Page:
- Markets are trading cautiously prior to the first round of the French presidential elections and concerns over North Korea.
- The Fed's Beige Book reported modest-to-moderate growth across its 12 districts. Wages are rising but not necessarily increasing inflation.
- Fed Vice Chair Stanley Fischer said yesterday that foreign economies are in better shape to absorb tighter US monetary policy now.
- Dallas Fed President Robert Kaplan said that three interest rate increases remain possible this year depending on the economy’s development.
- The Philadelphia Fed manufacturing index fell for a second month and by more than expected to 22.0 in April.
- Consumer price inflation in Brazil slowed more than expected last month, rising only 4.41% versus a year ago, giving room for the central bank to continue cutting interest rates.
Japan's March trade data showed an impressive 12% annual growth in exports - the biggest gain in over two years and adding to evidence that global demand is increasing. As a result, the trade surplus narrowed less than expected to 614 billion Yen. Sentiment at manufacturers rose for an eighth month in April to its highest since 2007.
The US Dollar index is down 0.2% today as the latest data from the US does little to change recent views that the economy is growing only modestly, despite optimism over Trump's pro-growth agenda. Without fresh and upbeat economic data to reignite June rate hike expectations, the Dollar looks set to drift a bit lower for now.
The Pound appears to have stabilized around the 1.28 area against the Dollar. This follows Tuesday's almost 4% gain on expectations that a general election will boost the UK's Brexit negotiating hand. The latest YouGov poll for The Times gave the Conservatives 48% of the vote compared with 24% for the opposition Labour party, supporting expectations that May's Conservative would return with an increased majority.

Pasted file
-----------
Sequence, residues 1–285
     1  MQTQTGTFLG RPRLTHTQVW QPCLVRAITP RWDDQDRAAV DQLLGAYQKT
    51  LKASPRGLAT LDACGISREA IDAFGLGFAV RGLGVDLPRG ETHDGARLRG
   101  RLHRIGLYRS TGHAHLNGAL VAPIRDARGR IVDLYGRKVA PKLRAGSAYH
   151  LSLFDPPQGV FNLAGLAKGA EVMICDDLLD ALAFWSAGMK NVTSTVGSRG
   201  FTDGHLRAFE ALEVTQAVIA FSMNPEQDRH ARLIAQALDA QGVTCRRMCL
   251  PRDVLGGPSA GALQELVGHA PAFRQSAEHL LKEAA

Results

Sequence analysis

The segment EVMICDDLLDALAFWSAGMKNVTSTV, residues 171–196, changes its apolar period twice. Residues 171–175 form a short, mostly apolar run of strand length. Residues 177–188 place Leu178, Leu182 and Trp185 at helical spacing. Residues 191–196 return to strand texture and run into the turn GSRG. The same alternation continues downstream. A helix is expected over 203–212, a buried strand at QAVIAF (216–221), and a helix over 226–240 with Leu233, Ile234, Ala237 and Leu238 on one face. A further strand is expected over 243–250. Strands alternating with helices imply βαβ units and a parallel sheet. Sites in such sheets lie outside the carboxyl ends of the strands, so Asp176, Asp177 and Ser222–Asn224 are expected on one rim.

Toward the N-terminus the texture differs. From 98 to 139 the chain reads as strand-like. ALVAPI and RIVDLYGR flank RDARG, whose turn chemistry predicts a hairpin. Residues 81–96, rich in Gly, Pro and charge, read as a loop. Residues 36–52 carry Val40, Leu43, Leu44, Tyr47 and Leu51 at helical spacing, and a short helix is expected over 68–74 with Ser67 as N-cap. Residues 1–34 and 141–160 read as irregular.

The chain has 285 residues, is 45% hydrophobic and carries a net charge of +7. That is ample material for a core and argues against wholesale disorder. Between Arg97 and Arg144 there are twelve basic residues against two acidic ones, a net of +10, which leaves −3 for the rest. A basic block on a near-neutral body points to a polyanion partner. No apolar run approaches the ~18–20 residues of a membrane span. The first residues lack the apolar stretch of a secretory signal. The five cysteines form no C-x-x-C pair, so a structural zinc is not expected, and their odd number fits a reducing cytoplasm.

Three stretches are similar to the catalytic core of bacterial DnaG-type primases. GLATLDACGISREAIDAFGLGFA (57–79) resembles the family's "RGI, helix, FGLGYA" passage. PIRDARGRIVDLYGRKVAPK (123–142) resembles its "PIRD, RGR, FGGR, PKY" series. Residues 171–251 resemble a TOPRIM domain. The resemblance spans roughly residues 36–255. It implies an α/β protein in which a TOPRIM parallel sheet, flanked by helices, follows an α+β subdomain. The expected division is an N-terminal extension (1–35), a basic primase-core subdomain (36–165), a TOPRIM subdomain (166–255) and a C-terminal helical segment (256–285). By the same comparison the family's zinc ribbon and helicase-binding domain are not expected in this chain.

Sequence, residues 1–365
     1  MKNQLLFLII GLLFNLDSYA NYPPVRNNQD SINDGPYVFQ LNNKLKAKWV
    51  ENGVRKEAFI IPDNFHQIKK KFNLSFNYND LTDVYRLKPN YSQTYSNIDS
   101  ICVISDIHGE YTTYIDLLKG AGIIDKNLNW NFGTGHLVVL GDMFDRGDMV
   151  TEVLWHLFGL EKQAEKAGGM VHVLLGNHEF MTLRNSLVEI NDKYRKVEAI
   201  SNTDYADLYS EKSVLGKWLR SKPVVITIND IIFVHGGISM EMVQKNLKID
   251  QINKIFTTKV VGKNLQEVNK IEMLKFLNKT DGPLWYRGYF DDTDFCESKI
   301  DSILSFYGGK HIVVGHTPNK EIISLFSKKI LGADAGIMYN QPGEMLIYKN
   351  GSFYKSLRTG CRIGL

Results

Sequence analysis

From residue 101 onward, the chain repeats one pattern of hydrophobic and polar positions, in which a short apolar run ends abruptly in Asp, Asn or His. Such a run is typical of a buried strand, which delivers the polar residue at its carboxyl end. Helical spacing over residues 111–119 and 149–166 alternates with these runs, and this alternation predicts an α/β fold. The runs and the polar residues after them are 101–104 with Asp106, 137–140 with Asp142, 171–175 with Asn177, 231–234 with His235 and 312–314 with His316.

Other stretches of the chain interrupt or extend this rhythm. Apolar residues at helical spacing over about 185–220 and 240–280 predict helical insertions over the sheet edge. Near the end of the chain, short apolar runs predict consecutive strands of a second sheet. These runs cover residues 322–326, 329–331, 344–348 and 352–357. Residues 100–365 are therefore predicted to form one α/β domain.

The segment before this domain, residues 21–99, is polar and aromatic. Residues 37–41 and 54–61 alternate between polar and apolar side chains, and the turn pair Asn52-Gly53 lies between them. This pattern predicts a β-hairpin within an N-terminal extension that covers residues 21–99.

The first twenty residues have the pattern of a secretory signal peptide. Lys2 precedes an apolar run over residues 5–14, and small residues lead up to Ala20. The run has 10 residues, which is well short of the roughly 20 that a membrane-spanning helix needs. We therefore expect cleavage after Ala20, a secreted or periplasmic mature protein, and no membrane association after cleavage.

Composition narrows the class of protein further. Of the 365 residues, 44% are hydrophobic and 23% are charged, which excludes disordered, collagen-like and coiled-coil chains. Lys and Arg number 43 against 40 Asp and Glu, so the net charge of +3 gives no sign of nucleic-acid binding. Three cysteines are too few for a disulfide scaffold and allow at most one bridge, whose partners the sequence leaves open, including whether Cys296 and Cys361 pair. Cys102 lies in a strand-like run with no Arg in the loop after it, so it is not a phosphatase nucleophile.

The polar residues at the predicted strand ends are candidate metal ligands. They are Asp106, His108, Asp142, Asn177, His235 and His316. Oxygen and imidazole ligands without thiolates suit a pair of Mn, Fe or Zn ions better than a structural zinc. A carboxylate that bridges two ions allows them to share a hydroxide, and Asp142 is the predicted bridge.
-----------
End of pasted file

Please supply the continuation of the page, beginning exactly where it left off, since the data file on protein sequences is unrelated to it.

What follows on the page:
The Euro is higher on the day against a broadly weaker Dollar despite the fast approaching French election. ECB officials have once again been stressing that it is too early to consider even a gradual tightening of monetary policy as the growth and inflation outlook remain soft.
The Canadian Dollar is effectively flat on the day, but is close to the lower end of its six-month range versus the US Dollar, with low oil prices continuing to dominate.
The Aussie Dollar is down over 0.5% on the day after the RBA minutes noted the need for "careful monitoring" of the labor and housing markets. The most recent employment data showed an impressive 60,000 jobs added last month while unemployment remained at its highest level in a year. At the same time, low interest rates have helped fuel a housing boom where prices in Sydney are rising almost 20% annually.
The New Zealand Dollar rose over 0.5% today after inflation accelerated more than expected in the first quarter, rising 2.2% versus a year previous - the fastest pace in five years. That was almost double the pace in the fourth quarter of 2016 and may prompt the RBNZ to assess its forward guidance of rates remaining at their record low well into next year.